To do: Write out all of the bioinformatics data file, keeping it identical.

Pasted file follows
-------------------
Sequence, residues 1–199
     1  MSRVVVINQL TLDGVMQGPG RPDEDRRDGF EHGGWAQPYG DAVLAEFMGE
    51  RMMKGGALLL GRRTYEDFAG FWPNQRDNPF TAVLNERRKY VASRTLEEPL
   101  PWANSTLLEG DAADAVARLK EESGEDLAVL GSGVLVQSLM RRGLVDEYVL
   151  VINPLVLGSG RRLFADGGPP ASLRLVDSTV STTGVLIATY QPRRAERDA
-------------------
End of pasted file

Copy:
Sequence, residues 1–199
     1  MSRVVVINQL TLDGVMQGPG RPDEDRRDGF EHGGWAQPYG DAVLAEFMGE
    51  RMMKGGALLL GRRTYEDFAG FWPNQRDNPF TAVLNERRKY VASRTLEEPL
   101  PWANSTLLEG DAADAVARLK EESGEDLAVL GSGVLVQSLM RRGLVDEYVL
   151  VINPLVLGSG RRLFADGGPP ASLRLVDSTV STTGVLIATY QPRRAERDA